Giving Compass' Take:
- Jessica Owens-Young explains how the burden of housing costs is hurting Americas' health, particularly those who are already disadvantaged.
- How can funders work to ensure that Americans' housing done not hurt their health?
- Learn about equity in affordable housing opportunities.
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New data on health across the U.S. shows that high housing costs are harming Americans’ health – and that some communities are affected more than others.
The 2019 County Health Rankings, an annual collaborative report from the University of Wisconsin Population Health Institute and the Robert Wood Johnson Foundation, shows that 11 percent of U.S. households are severely burdened by housing costs. This means that more than 800,000 households spend at least half of their income on housing.
In communities with high housing costs, residents rate their health as lower, are less likely to be able to purchase enough quality and nutritious foods, and have higher rates of child poverty.
As a health researcher, this is a theme that I have seen in studies over and over again.
The most burdened households
While many communities face high housing costs, these burdens are not universally shared. Renters are more likely than homeowners to spend more than half of their paycheck on housing. The costs of homeownership have improved over the past few years, but housing costs for renters have not.
There are also racial differences. More than 1 in 10 white households spend more than half of their income on housing, with a median income of US$56,000. But among households headed by blacks, the median income is $33,000 – and about 1 in 4 black households experience these housing costs burdens.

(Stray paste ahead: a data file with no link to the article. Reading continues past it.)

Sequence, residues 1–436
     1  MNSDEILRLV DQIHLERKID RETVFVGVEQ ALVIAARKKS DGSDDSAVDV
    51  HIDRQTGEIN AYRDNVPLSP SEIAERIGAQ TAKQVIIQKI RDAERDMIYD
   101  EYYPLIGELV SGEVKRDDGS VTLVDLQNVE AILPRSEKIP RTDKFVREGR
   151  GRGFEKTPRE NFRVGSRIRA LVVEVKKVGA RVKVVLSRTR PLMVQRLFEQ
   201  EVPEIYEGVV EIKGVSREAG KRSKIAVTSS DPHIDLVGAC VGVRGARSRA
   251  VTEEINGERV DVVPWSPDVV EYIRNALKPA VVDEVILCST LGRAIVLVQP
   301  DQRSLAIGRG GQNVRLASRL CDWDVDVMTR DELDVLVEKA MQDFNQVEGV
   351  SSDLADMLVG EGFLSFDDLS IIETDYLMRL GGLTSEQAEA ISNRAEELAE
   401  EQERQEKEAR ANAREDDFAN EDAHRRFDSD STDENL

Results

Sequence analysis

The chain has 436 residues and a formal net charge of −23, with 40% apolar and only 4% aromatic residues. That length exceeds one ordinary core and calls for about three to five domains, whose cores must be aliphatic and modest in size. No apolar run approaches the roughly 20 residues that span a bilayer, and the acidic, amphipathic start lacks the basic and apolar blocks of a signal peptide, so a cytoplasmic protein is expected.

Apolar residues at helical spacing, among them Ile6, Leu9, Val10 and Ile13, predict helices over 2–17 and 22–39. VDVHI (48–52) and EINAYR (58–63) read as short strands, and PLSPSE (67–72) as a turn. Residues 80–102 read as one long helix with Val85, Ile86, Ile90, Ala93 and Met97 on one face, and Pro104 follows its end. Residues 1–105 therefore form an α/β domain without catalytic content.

Another key finding from the County Health Rankings report is that segregated communities with more households headed by black residents are twice as likely to face severe housing cost burdens than white households.
Why are black Americans more likely to spend so much of their incomes on housing? One reason is that black neighborhoods were targeted in a process called redlining, especially between the 1930s and 1965. Banks and other lenders excluded black communities from favorable loans and charged higher interest rates on mortgages, leading to higher housing costs – even when homes were valued less than similar homes in white communities.
Redlining is not explicitly practiced in the same way today, but its damage and discrimination remains – such as how banks targeted black homeowners with subprime loans. The consequences of this became clear in the 2008 recession, when black homeowners suffered worse outcomes compared to white homeowners. These practices led to higher foreclosure rates and steeper declines in home values during and after the recession, limiting opportunities for black communities to build wealth through homeownership.
Effects on health
There is a powerful relationship between housing and health.